Borg Warner becam BTR which is now Dana Australia. And I believe still making diffs.

Over the decades they made quite a few variations on their Salisbury diffs from little ones for Corrollas and Escorts, to one bigger for Sigmas and Datsuns. Then in the last several decades the 7.5" one for many makes and models then too the 7.8 which is a far stronger piece. I use one of those in my racecar which is around 440hp and have not broke one yet. The 75,,, first time out I screwed nearly off 2 axles everyday. The better material and bigger size so far have not hurt any yet. 

The Fords and Holdens used a bigger version again in the late 90s through too the end in 2015.

As Ray said many diffs were modified for IRS applications. Ford V8s and Halibrands were easy. But even a banjo Holden diff has been converted in the 60s to IRS. And a Zephyr diff [what did they do for axles?]

Harrop Engineering made a housing for Ford 9" components in Sierras. Initially for DJR.[aka the Dicky Diff] 

I personally am not a great fan of IRS passenger cars. They eat tyres. Commodores you hold a party if you get 20k out of rear tyres, and that is usually to the air!!!

Live axles are simpler, easier on tyres and still have good manners.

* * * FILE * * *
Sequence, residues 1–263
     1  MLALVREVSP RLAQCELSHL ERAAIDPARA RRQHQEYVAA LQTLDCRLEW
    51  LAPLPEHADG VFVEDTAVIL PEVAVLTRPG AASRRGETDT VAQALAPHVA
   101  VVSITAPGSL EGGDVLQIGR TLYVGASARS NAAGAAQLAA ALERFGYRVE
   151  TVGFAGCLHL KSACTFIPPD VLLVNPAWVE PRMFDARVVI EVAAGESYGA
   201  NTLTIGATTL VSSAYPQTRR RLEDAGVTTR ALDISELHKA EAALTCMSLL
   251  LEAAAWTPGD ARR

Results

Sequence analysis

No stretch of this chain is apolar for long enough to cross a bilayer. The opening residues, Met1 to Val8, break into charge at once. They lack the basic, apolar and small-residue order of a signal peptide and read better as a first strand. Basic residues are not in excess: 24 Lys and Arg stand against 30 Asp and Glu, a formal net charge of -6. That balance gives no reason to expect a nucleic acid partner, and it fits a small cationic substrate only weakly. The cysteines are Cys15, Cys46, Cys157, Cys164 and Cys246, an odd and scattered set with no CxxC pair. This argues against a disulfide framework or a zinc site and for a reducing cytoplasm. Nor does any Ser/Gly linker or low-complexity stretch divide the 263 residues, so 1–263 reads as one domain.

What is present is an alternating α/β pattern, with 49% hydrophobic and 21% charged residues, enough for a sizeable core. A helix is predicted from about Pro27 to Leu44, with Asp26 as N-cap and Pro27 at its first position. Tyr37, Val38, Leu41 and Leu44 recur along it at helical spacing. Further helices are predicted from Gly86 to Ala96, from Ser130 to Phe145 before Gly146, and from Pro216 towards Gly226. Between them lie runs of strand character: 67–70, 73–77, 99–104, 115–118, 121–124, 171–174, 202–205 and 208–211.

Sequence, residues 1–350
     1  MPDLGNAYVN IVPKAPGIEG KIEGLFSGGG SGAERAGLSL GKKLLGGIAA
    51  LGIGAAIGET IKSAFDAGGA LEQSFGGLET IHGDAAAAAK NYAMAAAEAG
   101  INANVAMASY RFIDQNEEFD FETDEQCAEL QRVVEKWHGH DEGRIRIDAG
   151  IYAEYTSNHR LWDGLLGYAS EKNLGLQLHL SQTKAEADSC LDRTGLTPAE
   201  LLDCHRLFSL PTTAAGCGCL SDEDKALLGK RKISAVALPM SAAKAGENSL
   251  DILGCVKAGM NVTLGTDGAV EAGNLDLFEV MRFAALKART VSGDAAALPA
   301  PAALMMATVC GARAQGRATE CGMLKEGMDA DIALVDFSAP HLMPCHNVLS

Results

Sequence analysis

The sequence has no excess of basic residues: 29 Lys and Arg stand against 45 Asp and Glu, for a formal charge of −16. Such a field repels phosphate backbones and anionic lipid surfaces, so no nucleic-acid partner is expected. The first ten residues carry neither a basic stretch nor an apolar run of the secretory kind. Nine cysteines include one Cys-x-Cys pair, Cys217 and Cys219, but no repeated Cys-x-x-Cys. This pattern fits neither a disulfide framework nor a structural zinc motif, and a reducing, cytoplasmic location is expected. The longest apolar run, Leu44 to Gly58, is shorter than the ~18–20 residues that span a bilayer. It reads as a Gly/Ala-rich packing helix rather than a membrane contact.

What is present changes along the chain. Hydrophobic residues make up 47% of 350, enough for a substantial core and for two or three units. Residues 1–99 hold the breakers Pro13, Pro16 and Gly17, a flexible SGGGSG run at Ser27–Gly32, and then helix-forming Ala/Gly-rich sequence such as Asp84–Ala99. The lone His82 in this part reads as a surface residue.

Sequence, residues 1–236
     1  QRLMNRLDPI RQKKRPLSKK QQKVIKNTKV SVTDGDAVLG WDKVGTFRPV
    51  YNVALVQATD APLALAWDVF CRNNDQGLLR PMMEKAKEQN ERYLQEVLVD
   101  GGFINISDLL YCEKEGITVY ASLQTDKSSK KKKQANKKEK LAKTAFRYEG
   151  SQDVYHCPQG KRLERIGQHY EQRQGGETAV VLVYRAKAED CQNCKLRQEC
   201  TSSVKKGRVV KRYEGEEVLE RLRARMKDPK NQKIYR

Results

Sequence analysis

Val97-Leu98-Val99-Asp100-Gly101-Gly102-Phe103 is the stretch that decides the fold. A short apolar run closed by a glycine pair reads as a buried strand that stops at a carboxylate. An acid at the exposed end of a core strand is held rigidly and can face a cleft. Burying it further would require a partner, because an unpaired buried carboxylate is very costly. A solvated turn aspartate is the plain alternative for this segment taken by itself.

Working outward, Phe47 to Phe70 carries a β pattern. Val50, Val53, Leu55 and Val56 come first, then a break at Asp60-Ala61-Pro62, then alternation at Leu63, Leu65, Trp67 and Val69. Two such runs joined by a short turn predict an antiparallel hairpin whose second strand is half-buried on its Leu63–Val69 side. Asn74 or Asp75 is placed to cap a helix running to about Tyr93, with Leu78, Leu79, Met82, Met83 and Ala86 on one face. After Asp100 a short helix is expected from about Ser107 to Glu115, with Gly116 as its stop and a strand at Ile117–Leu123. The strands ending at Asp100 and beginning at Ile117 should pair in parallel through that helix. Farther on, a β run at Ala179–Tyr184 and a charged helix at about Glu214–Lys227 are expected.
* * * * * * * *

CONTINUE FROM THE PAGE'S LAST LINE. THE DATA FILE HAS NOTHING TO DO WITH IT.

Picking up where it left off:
IRS for a sports car or race car ofcourse is an advantage,, though not to the point many make them out to be.

#5 GregThomas

  • New Member

  • 29 posts
  • Joined: January 22

Posted 12 January 2022 - 17:52

No definitive answer really. Thanks for the responses.

Local to me - Christchurch, a hotbed of special building - only one live axle diff was converted in period. And that had a pair of sprockets put on carriers rather than universal joints. The Green/Brewer combo was capable of designing and making their own gearboxes - but never converted a diff. 

Yes, i'm aware of the use of the Skoda diff - but it didn't become available here till the mid/late 50's.


My impression - looking at pics - is that Salisbury used a different casting for the independent diff. A live axle diff seems to have external reinforcing ribs where the independent one doesn't.  It's also visibly got more meat around the side bearing areas in some pics.


I suspect we need an owner of an early Lister or HWM or similar to put up a pic of his diff - or someone with a better picture archive than me.


Thanks again.

#6 Charlieman

  • Member

  • 2,328 posts
  • Joined: October 09

Posted 17 January 2022 - 11:07

The ability to manufacture bevel gears in Aus/NZ would have been present thanks to marine and mining engineering companies. In theory, at least, it would have been possible to build a custom diff assembly locally.


I'm presuming that caution -- the economics of low volume production or doubts about design ability -- put people off. Given the have-a-go spirit of special builders, I'm surprised.

#7 Ray Bell

Ray Bell
  • Member

  • 74,902 posts
  • Joined: December 99

Posted 17 January 2022 - 22:40

Yes, the gear-cutting facilities were available in Australia...


Hypoid final drives were made for Holden by an outside supplier right from the beginning in 1948. Geoff Smedley cut a new crownwheel and pinion set for John Youl's Cooper-Knight transaxle in his family's factory, Bedford Machine Tools in Launceston, to enable him to get longer life from these components.

#8 Joe Bosworth

Joe Bosworth
  • Member

  • 681 posts
  • Joined: May 05

Posted 23 January 2022 - 06:37